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How to write a paper in two days

On my most popular post “How to write an abstract in 30 minutes” I was asked if I could come up with something similar for writing a paper.
Recently, I’ve noticed that I need to hack my way through getting a paper written in the least amount of time possible, as things have been getting more and more busy. Here’s my method for getting a first draft of a paper to discuss with my advisors in two days (and it also involves answering questions to myself):

1. The masterplan

I never start by staring at a blank page on my computer screen. Instead, I pick up pencil and paper and start to answer the following questions to myself:

What’s the target audience?
Is this paper going to a bridge engineering conference, a bridge maintenance conference, a structural engineering conference, a concrete conference or is it going to a journal? Do I have examples of proceedings of this conference from past years or do I have a paper I enjoyed reading from the journal to give me some ideas?

What’s my key message?
Around which argument or idea do I want to structure my paper? This key message needs to be related to the target audience.

How do I structure my argument?
Different approaches are possible: I’ve been using two main schemes in the past:
1) Introduction – Experiments – Results – Conclusions
2) Introduction – Statement – Proof of Statement – QED and conclusions

What do I have?
Which material is ready, what needs to be prepared? Don’t make it too detailed. It is important to know which parts of research you have that you can use here, and which parts you have written out somewhere else.

2. Filling up

Now it’s time to turn to the computer again, with the masterplan as a starting point. If there is a format provided by the organizers or printers, I immediately start writing in the right format; that helps to get an idea of the length of the article.

The structure
I start with writing out the headings of the paper – depending on how I am planning to structure my argument. At this moment, subheadings (if necessary) are added as well. Sometimes I start with more subheadings, but then in the editing stage leave them out and turn them into the consecutive paragraphs of a section.

The fill
I like to dump all material I have ready into the document at the right section. I pull a few sections from a previous paper, or from a report, or from some word document which holds references and graphs from the literature. All this information gets pasted into the document. Next, I write the missing sections. This typically amounts to more than the double of the number of allowed pages.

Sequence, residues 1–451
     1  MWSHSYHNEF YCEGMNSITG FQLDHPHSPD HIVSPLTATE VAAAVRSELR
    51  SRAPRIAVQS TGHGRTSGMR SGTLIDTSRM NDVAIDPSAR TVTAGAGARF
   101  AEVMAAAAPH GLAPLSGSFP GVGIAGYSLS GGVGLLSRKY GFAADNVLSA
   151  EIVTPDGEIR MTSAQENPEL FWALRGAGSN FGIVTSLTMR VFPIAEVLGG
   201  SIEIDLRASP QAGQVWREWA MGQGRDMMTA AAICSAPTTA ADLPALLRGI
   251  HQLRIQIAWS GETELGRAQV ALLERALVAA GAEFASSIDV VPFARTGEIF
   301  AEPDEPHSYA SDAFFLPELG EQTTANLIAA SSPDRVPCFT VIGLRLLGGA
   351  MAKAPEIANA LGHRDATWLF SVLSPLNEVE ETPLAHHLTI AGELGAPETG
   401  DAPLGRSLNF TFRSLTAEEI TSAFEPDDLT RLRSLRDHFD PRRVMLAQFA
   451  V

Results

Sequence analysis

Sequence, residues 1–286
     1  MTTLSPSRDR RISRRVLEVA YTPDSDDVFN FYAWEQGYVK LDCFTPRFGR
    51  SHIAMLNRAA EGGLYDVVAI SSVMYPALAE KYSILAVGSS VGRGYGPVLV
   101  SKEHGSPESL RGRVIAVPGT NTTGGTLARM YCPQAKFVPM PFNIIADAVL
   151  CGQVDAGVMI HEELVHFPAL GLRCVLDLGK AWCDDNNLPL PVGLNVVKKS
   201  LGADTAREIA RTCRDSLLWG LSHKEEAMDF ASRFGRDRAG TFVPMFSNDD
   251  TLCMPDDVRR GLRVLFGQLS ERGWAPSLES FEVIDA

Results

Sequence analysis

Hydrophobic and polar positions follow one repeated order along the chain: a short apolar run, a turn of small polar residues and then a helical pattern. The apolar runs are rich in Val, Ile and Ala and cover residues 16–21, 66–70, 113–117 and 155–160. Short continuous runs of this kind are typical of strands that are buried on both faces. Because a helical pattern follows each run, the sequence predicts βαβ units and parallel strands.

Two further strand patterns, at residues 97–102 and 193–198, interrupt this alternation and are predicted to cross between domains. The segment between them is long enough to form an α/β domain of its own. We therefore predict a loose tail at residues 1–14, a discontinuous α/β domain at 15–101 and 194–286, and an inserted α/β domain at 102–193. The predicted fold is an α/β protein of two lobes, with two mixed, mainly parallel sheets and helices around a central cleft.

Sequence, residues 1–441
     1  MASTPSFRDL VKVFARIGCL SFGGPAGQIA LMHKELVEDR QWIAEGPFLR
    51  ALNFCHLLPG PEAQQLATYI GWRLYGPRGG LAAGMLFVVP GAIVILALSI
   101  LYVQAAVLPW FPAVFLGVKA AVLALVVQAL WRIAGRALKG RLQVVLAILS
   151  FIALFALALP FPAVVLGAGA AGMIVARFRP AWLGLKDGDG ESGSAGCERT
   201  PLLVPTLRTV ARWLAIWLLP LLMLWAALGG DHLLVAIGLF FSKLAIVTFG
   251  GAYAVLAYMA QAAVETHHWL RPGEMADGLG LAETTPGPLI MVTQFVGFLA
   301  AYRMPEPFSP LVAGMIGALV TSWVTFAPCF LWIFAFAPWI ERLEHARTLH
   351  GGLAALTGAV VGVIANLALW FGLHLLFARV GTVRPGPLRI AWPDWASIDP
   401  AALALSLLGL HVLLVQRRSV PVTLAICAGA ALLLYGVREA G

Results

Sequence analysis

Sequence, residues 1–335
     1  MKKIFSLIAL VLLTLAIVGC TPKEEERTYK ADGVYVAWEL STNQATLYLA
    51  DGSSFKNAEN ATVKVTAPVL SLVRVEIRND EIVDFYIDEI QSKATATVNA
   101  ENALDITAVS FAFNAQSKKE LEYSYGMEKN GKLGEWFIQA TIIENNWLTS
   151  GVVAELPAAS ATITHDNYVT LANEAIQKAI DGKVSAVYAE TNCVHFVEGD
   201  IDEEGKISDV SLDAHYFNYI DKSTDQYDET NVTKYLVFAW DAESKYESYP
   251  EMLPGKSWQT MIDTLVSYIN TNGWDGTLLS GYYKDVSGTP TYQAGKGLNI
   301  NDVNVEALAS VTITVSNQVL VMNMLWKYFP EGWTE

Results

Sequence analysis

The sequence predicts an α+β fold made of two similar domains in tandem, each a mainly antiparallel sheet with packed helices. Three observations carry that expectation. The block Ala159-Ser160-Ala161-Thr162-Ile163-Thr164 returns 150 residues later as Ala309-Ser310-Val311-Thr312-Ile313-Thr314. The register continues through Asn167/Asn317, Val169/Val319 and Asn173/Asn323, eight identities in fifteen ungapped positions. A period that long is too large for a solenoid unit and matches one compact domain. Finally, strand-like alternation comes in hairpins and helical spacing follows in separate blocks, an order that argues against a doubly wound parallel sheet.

3. Editing 

Now it’s time again to walk away from the computer. I like to print out this mass of half structured information and sit down with pencil and paper again. I then start to scratch out the information I don’t need, condense the text, make the argument stronger and rewrite sentences. Finally, I change the images or I draw additional sketches – only the ones that are necessary to support the argument.

I like comparing this process to making (tomato) sauce: in the “masterplan” stage, I take my recipe and see what I have in my pantry or what I need from the store, in the “filling up” stage, I throw all the ingredients together; in the “editing” stage I make it simmer on the stove for a few hours so it becomes denser and richer and add some spices.

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This Post Has 16 Comments
  1. Great post. Stepping away from the computer at first is a really good start. You can and you should plan everything and then writing is not only much easier and lightening fast. Editing on paper is a nice touch as well, I think I'll try this out.

  2. Thanks Ben! I typically do the editing at home, either on the sofa or on my bed, being all relaxed and enjoying the quiet – and then it works really well to keep concentrated and see if the argument holds together.

  3. i'm sorry… what is \”QED\”?thanks for this post, overall; i'm about to use this format on a thought paper. i spent part of this year coming up with a system that i was going to blog about (but not a 2-day method). ultimately, i figured out it wasn't very helpful, after all, lol! i think it was just too cumbersome.

  4. Hi Amanda,QED stands for \”Quod est demonstrandum\” and is typically used at the end of a (mathematical) proof, meaning \”which is proven\”. Let me know how you like this approach, and I sure would like to read about the approach you are thinking of using.Eva

  5. It very informative post. I liked the idea of planning in a classic way and far from computer. I may try this out for a short conference paper.

  6. You didn't say anything about the research itself – that is, how and where to get materials and information that you don't yet have – that you have to search for, and that may be difficult to come by. I believe that's the most difficult part of writing a paper, most especially when the subject has not/rarely ever been treated before.

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